19 FEEDING PRACTICES  Gently encourage, but don’t force children to try a bite of a new food.  A child never does a “bad” or good” job of eating  Forcing children to clean their plates can lead to overeating and weight problems.

20  Offer healthy foods to children and then let them decide if and how much to eat.  Make meal and snack time as stress free as possible and try to provide enough time to eat.  Avoid using food to reward good behavior or to make a child feel better about something. FEEDING PRACTICES

21 DISCUSSION These recommendations are great but how can we put them into practice? How can we help children avoid developing unhealthy habits?

22 Scenario #1: You notice that Jose is pushing his food around on his plate, but isn’t really eating anything. Scenario #2: Maya has already had 2 servings of bread and asks for another one. Scenario # 3: Steven quickly eats his French fries and asks for some more before having eaten any of the other food on his plate. WHAT WOULD YOU DO?

23 FOODS OFFERED OUTSIDE OF REGULAR MEALS AND SNACKS  Ask parents to help celebrate birthdays, and holidays with healthier options than candy, cake, and ice cream. Healthier treats like fruit kabobs, yogurt popsicles, and low-fat, whole grain muffins are great alternatives.  If your facility has fundraisers, consider campaigns that involve healthier foods or non-food items. This sends a message that you care about good health.

24 Scenario #4: It’s Jimmy’s birthday and his mom asks if she can bring in cupcakes. WHAT WOULD YOU DO?

25 SUPPORTING HEALTHY EATING  If possible, serve meals family-style where teachers join the children at the table.  Teachers can show that healthy eating is fun by modeling healthy choices and helping to create a pleasant social environment around the table.

26  Soda machines and candy bowls in your facility send the message that these things are OK, and make it harder for staff and children to choose healthier options. SUPPORTING HEALTHY EATING

27 LET’S BRAINSTORM What are some ways we can model healthy eating during meal and snack times? Ideas?

28 PUTTING IT ALL TOGETHER: MY PLATE  ½ a Plate of Fruits & Vegetables  Serve Lean Proteins  Make at least half the grains you serve whole grains  Serve low-fat dairy or dairy alternatives  Sit down and enjoy food family-style

29  Guidelines may be confusing  Talk to your CACFP representative  A variety of foods meet guidelines, both healthy and unhealthy choices  NEW handbook for CACFP participating providers on creating a healthier environment: ionandwellness.html ionandwellness.html FOOD PROGRAM GUIDELINES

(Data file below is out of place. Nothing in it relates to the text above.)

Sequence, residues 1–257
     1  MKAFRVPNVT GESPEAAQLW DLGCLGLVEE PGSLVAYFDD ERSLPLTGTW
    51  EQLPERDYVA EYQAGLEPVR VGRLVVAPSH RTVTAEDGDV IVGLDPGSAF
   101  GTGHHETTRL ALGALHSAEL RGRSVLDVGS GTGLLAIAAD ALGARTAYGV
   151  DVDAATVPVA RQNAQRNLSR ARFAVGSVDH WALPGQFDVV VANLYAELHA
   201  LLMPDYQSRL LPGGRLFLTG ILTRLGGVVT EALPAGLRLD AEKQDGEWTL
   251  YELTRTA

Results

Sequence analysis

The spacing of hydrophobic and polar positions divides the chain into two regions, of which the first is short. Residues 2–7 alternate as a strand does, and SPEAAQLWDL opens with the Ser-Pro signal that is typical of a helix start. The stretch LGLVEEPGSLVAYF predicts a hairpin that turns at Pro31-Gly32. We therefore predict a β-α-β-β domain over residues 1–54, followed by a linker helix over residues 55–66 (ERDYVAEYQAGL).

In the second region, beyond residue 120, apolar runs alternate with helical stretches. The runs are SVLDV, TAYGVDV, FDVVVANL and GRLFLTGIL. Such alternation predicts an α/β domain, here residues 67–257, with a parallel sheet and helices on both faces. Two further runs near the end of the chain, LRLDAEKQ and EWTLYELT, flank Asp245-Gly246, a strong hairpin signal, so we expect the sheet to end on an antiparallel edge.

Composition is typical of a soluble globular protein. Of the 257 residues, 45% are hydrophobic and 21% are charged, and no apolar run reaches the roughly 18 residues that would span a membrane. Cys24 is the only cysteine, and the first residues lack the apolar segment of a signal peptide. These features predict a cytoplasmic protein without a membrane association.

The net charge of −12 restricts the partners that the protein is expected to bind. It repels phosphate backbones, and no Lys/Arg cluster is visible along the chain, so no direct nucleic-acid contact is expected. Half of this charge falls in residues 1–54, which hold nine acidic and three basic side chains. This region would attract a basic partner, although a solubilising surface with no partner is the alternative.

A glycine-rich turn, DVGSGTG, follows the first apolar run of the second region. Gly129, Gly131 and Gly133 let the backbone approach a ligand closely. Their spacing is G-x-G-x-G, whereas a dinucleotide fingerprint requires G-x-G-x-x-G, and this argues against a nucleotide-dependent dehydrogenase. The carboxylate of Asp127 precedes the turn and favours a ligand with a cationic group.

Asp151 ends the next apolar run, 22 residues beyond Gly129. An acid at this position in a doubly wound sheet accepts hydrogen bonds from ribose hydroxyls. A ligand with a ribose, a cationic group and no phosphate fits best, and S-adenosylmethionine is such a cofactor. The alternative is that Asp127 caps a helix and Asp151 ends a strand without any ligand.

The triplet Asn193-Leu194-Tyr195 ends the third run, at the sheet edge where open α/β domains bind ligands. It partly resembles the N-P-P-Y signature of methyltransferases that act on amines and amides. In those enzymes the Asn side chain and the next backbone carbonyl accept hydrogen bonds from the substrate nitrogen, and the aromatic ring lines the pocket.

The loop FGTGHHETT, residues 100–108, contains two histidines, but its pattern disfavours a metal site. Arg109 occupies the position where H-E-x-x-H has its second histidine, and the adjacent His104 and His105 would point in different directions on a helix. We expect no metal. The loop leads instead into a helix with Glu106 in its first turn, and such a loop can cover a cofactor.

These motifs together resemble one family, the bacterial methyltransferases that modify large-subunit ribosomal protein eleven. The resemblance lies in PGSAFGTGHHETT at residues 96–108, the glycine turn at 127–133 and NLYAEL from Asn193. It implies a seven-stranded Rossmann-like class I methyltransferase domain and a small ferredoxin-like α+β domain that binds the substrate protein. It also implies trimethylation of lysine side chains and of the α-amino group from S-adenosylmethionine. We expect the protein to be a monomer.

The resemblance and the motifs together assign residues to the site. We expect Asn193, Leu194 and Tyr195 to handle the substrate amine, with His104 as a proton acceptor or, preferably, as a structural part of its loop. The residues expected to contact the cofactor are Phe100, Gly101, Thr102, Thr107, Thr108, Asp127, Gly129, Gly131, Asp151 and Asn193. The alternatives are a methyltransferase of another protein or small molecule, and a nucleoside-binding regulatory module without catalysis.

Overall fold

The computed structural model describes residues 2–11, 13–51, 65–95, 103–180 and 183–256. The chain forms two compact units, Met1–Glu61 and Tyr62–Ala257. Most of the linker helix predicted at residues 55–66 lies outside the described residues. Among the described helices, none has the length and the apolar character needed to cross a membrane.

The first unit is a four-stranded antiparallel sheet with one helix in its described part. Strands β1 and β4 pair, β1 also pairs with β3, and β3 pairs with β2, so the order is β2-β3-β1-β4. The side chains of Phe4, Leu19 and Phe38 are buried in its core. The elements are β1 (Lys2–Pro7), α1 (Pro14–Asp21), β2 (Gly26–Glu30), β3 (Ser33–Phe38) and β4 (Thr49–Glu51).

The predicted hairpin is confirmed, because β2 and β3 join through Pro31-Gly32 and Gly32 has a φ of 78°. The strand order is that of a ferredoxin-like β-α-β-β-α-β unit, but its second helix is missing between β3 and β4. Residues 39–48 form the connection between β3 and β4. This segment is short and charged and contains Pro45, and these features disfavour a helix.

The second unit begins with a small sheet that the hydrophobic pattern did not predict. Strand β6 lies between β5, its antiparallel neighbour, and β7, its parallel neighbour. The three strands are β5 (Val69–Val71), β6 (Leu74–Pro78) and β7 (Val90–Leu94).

30  Children will eat!  They are capable of regulating their food intake.  They generally react negatively to new foods, but will usually accept them with time and experience.  Caregivers can either support or disrupt children’s food acceptance and regulation. THINGS TO REMEMBER

31 NUTRITION ACTIVITY Child care providers are role models for healthy habits. How can you be a good role model to the children you care for?

32  If children hear the same health messages from parents and from child care providers, they’re more likely to listen.  Use your toolkit!  There are several curricula available to help staff incorporate nutrition education into lesson plans.  Look for opportunities to provide nutrition education for staff and earn continuing education credits at the same time. NUTRITION EDUCATION FOR CHILDREN, PARENTS, AND STAFF

33  Sesame Street Healthy Habits for Life Curriculum oad&uid=77960fa1-69ad-47c9-a54d-e98b95863ffa oad&uid=77960fa1-69ad-47c9-a54d-e98b95863ffa  Early Sprouts: Cultivating Healthy Food Choices in Young Children Curriculum  Color me Healthy Curriculum  Team Nutrition http://teamnutrition.usda.gov  Farm to Preschool  USDA’s MyPlate for Preschoolers  Exploring Food Together Toolkit CLASSROOM NUTRITION RESOURCES

34 What they can do  Measure, stir, beat  Peel, cut, grate  Hot vs. cold  Compare quantities  Set the table What they can learn  Fine motor skills  Follow directions  Observing  Enhance social skills  Sorting, classifying skills COOKING ACTIVITIES FOR CHILDREN Preschoolers can cook and learn!!

35 A written policy on food and nutrition: n Tells parents and staff that these are important issues and that you care about the health of the children in your facility. n Helps guide decisions and choices your facility makes every day. n Makes it easier to explain your approach to parents and staff. NUTRITION POLICY

36 Healthy  Baked, skinless chicken breast  Steamed carrots  Fresh strawberries  Whole wheat dinner roll  Skim milk Unhealthy  Chicken nuggets  Tator tots  Canned fruit cocktail in heavy syrup  Slice of white bread  Whole milk HOW TO MAKE A HEALTHY LUNCH What is the difference?

37 What changes can you make in your classroom? Write down 3 things you can change to either help the children achieve one of the behaviors below or to work on one of the strategies listed. Eat at least five fruits and vegetables a day. Drink less sugar. Drink more water and low fat milk. n n Provide healthy choices for snacks and celebrations; limit unhealthy choices. n n Provide non-food rewards. NUTRITION ACTIVITY